I discovered an iron bar, which enabled me to wrench off the lock from the stable door, and, having got so far with my burglarious performance, I entered cautiously, and I may say nervously. Creeping up to the manger I fumbled about till I caught hold of a strap to which the animal was tied, cut the strap through and led the horse away. I was wondering why it went so slowly and that I had almost to drag the poor creature along. Once outside I found to my utter disgust that my spoil was a venerable and decrepit donkey. Disappointed and disheartened, I abandoned my booty, leaving that ancient mule brooding meditatively outside the stable door and clearly wondering why he had been selected for a midnight excursion. But there was no time to explain or apologise, and as the mule clearly could not carry me as fast as my own legs, I left him to his meditations.
At dawn, when the first rays of the sun lit up the Biggersbergen in all their grotesque beauty, I realised for the first time where I was, and found that I was considerably more than 12 miles from Elandslaagte, the fateful scene of yesterday. Tired out, half-starved and as disconsolate as the donkey in the stable, I sat myself on an anthill. For 24 hours I had been foodless, and was now quite exhausted. I fell into a reverie; all the past day's adventures passed graphically before my eyes as in a kaleidoscope; all the horrors and carnage of the battle, the misery of my maimed comrades, who only yesterday had answered the battle-cry full of vigour and youth, the pathos of the dead who, cut down in the prime of their life and buoyant health, lay yonder on the veldt, far away from wives and daughters and friends for ever more.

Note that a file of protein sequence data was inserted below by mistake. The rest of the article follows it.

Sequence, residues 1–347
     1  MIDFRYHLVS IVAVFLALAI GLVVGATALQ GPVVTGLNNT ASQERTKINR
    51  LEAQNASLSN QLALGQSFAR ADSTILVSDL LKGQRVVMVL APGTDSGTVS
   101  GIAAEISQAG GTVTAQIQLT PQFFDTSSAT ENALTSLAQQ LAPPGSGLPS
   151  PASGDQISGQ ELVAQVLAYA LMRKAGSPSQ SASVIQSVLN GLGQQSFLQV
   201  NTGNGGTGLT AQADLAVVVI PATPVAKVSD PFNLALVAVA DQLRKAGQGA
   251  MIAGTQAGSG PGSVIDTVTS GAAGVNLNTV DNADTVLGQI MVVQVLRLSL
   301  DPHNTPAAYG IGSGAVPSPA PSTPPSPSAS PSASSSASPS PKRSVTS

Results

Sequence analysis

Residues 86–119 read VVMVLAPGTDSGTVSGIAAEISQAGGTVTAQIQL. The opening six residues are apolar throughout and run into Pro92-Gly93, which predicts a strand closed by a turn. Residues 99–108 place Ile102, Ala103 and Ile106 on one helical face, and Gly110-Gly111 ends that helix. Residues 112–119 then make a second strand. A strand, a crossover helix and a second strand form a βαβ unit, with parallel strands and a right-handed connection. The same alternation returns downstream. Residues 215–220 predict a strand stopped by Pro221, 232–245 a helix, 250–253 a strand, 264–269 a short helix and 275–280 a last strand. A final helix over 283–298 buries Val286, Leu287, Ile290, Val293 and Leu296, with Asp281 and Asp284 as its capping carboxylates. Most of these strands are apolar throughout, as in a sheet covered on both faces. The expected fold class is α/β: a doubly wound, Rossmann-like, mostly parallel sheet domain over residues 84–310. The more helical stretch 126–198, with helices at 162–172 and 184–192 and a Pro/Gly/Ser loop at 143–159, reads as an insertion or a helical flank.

While in a brown study on this anthill, 30 men on horseback suddenly dashed up towards me from the direction of Elandslaagte. I threw myself flat on my face, seeking the anthill as cover, prepared to sell my life dearly should they prove to be Englishmen. As soon as they observed me they halted, and sent one of their number up to me. Evidently they knew not whether I was friend or foe, for they reconnoitred my prostrate form behind the anthill with great circumspection and caution; but I speedily recognised comrades-in-arms. I think the long tail which is peculiar to the Basuto pony enabled me to identify them as such, and one friend, who was their outpost, brought me a reserve horse, and what was even better, had extracted from his saddle-bag a tin of welcome bully beef to stay my gnawing hunger. But they brought sad tidings, these good friends. Slain on the battlefield lay Assistant-Commandant J. C. Bodenstein and Major Hall, of the Johannesburg Town Council, two of my bravest officers, whose loss I still regret.